Consumer Alert: A New Twist on an Old Scam

Scammers are using Wells Fargo ATMs to steal elderly victims’ money

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Grandparent scams have been around for years. Scammers call the victim, claim their grandchild is in grave danger and convince them to send money to help them out of whatever emergency they’re in.

Montgomery County police say three elderly victims recently reported losing thousands of dollars to a grandparent scam. But how they sent the money to the scammers is so brazen, it even took police by surprise.

According to the victims, the scammer told them to go to a Wells Fargo ATM to deposit their money. None of the victims are customers of the bank, but the scammer told them that didn’t matter. He stayed on the phone with them and gave them an access code and PIN. The scammer told the victims to deposit their cash into the machine. Once they did, the money was gone, no card required.

Wells Fargo allows customers to use its app to get a one-time access code for its ATMs. This card-less feature was first offered to customers in 2017 as a convenience. This means the scammers have access to Wells Fargo accounts.

“We can trace the account holders, but it doesn’t necessarily mean the account holders are actually the people behind the scams,” said Montgomery County Police Det. Lisa Bromley.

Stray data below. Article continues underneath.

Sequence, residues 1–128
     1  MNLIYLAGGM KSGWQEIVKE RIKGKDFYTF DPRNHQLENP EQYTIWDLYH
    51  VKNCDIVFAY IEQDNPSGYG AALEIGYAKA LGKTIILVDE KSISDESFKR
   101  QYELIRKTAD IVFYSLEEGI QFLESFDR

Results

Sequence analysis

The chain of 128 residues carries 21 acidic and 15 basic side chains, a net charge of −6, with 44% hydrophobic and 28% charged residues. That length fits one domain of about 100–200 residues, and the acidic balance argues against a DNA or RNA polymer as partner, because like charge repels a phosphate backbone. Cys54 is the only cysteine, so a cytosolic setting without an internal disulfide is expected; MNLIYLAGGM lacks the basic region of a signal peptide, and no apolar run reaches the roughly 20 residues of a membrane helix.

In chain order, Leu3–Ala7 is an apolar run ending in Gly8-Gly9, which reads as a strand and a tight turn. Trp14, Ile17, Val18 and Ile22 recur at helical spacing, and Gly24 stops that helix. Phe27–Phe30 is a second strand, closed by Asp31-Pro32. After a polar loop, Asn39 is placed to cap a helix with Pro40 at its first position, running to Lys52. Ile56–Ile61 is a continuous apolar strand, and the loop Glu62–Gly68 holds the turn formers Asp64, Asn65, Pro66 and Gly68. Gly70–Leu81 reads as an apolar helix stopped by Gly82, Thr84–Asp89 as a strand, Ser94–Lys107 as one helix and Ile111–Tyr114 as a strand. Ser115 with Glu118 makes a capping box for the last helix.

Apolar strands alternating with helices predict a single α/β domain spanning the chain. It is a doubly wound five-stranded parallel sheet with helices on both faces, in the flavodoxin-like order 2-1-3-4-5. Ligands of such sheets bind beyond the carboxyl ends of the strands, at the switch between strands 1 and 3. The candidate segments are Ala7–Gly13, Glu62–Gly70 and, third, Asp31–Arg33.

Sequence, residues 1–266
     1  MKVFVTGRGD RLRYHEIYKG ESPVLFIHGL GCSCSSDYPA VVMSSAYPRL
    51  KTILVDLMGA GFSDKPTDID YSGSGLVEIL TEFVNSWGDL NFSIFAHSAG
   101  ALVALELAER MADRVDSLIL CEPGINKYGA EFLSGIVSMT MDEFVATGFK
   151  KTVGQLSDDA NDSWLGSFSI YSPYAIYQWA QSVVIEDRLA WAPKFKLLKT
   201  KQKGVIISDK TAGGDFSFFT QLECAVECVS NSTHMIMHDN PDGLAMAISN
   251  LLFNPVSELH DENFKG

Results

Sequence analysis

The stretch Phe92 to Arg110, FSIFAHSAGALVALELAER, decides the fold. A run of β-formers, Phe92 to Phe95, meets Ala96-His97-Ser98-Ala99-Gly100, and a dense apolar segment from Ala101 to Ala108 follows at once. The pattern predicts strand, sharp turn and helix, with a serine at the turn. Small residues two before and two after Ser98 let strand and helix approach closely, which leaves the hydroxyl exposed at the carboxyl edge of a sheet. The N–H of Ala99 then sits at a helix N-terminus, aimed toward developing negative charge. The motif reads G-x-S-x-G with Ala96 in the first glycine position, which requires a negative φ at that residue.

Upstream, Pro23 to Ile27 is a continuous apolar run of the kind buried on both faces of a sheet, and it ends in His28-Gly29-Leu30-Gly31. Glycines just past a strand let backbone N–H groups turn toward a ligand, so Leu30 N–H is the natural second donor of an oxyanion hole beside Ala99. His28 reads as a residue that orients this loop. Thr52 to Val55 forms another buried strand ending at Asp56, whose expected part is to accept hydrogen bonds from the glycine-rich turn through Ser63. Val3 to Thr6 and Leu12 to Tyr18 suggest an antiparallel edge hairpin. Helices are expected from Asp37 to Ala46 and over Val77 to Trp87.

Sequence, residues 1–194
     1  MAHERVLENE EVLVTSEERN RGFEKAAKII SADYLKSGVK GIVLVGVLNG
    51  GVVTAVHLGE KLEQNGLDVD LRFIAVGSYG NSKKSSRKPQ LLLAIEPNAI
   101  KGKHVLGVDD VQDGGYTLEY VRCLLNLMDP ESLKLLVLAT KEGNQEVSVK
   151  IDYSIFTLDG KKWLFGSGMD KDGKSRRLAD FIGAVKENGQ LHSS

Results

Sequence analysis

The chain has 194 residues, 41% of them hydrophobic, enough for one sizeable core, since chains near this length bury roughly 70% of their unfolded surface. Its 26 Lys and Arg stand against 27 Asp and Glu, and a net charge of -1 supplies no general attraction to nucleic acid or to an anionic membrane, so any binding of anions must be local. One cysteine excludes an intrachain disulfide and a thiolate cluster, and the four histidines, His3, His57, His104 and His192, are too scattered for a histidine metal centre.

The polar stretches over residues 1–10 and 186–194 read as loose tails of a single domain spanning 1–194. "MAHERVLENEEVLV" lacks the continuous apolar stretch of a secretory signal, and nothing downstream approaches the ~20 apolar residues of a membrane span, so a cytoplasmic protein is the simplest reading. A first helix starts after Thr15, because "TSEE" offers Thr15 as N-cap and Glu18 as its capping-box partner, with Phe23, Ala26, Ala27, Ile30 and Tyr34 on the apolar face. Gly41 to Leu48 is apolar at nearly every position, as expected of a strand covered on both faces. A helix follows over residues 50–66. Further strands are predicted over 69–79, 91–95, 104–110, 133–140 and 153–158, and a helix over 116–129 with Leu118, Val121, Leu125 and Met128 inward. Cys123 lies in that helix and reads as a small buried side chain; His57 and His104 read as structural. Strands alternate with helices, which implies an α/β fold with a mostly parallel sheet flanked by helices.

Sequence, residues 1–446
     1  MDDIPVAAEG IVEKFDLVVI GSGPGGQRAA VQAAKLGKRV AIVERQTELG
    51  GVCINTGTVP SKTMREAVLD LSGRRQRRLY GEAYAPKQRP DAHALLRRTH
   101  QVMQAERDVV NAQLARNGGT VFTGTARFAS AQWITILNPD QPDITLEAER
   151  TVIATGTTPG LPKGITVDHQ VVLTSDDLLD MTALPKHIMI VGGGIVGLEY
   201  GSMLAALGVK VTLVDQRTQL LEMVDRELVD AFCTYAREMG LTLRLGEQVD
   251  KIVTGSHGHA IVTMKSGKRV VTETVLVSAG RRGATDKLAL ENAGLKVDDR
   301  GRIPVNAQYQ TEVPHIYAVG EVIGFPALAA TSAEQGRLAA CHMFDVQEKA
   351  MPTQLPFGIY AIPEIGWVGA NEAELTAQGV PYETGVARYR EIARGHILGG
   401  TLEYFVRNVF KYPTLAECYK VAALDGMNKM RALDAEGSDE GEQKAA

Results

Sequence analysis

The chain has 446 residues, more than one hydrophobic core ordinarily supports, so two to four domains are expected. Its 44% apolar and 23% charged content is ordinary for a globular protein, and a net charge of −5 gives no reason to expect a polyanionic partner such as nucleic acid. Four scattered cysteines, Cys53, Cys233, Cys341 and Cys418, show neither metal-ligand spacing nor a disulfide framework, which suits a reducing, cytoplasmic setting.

Bromley said there are four Wells Fargo accounts associated with the three Montgomery County victims. But victims all across the country have deposited their money into those accounts as well.

Wells Fargo said they could not share any details about the three Montgomery County cases. However, they did say they are ending the ATM one-time access code feature at the end of this month. They sent us the following statement:

“It is heartbreaking any time a fraudster has scammed people of their hard-earned savings. We never want to see anyone become a victim of financial fraud – whether at our bank or any other.

"As we combat fraud, we understand the frustration and anger of those who are victims. We strive to continually improve our practices to better assist and support fraud victims. We want everyone who works with Wells Fargo to have a positive experience. We do not want any fraudsters to do business with us, and since receiving information on these specific situations, we conducted an in-depth review. When we identify account fraud, we take action to block the fraudulent activity, attempt to recover the funds and cooperate with law enforcement to help prosecute the fraudsters.

"Wells Fargo is regularly making improvements to enhance the convenience and security of the products and services we offer. Now that all Wells Fargo ATMs offer our customers contactless access using their mobile phone’s digital wallet, we have announced plans to discontinue the ATM one-time access code feature, effective April 1.”

As for the Montgomery County victims, at least one of them has gotten their money back from Wells Fargo since News4 contacted the bank. Police say there may be more local victims who have not come forward.

“Whether they don’t realize they’re a victim or they’re too embarrassed to make the police report,” said Bromley.

That’s why it’s so important to talk to your elderly family members about fraud.

  • Set up a family password they can ask for if someone calls and says they need money.
  • Set up alerts in their bank accounts that will send a notification to your phone if a large sum of money is suddenly withdrawn.

PNC Bank also offers the one-time access code feature at its ATMs. They said they have not had any reports of this scam.

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